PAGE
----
In Boston last week a gay man alleged that he was attacked by a group of teenage girls because of his sexuality.
This weekend another gay man from the Boston area claimed he was attacked and the sexualities of his three assailants -- they were all lesbians -- and the fact that the incident has been labeled a hate crime is raising eyebrows.
According to the Boston Herald, prosecutor Lindsey Weinstein says the three women, two sisters, Erika Stroud, 21, of Dorchester and Felicia Stroud, 18, and Lydia Sanford, one of the sisters' domestic partners, attacked the man on Sunday at the Forrest Hills "T" station in Jamaica Plains and were "repeatedly punching and kicking him after he bumped them with his backpack on a stairwell."
Weinstein added that the victim, who suffered a broken nose, believed the assault was “motivated as a crime because of his sexual orientation” since the three women “called him insulting homophobic slurs.”
However, attorneys for the three women charged with the hate crime disagree.
Attorney Helene Tomlinson told the judge that Sanford is “openly identified as a lesbian ... so any homophobic (conduct) is unwarranted" and claimed the alleged victim provoked the women by using racial slurs.
Felicia Stroud’s attorney, C. Harold Krasnow, said, “They don’t know what his sexual orientation is, just like he doesn’t know what theirs is.”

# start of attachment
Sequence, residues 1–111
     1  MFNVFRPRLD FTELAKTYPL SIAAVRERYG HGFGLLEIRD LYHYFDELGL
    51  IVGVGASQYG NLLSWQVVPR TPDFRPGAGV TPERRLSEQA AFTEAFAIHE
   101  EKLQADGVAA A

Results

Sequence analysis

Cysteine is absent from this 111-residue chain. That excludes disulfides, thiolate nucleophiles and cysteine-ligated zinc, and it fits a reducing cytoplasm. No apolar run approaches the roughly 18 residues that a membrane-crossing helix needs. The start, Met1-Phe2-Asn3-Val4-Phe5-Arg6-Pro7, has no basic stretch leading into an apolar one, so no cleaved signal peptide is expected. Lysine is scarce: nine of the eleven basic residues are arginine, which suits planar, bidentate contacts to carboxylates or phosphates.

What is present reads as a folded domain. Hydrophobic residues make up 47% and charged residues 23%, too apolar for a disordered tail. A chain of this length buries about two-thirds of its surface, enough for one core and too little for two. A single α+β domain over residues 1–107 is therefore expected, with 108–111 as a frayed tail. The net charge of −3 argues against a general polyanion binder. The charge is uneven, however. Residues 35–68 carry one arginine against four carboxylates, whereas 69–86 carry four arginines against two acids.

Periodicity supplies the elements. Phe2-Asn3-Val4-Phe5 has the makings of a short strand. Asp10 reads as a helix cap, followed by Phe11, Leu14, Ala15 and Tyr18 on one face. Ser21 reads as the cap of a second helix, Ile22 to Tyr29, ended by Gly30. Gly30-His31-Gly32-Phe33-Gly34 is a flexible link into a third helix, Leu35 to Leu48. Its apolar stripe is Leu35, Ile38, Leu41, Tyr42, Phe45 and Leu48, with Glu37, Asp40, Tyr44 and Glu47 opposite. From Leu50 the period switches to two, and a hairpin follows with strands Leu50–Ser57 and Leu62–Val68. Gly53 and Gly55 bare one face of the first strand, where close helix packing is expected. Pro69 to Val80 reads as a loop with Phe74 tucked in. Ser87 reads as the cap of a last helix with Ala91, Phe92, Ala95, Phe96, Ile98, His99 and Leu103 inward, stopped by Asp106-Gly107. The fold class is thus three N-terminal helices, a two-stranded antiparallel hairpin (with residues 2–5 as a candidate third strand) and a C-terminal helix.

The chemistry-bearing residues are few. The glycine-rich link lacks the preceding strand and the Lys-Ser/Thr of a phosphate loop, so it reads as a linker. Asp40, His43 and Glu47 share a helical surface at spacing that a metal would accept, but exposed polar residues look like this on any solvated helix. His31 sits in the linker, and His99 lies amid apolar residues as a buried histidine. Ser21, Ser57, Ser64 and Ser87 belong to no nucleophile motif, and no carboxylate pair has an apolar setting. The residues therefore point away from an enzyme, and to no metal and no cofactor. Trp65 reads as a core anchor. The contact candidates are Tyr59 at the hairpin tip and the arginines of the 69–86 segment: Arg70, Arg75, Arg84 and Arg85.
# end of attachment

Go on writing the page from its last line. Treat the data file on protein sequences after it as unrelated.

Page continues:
The Boston Herald notes that Krasnow also believes the low bail, $100 to $500 cash, set by the judge "suggested the prosecution's case was weak."
The ACLU of Massachusetts is siding with prosecutors. “Someone who is Jewish can be anti-Semitic,” ACLU staff attorney Sarah Wunsch said. “The mere fact that someone is a member of the same class doesn’t mean they could not be motivated by hatred for their very own group.”
And Jake Wark, a spokesman for Suffolk District Attorney Daniel F. Conley, is confident prosecutors will be able to prove the alleged assault was a hate crime regardless of the assailants' sexualities.
“The defendants’ particular orientation or alleged orientations have no bearing on our ability to prosecute for allegedly targeting a person who they believe to be different from them,” he said.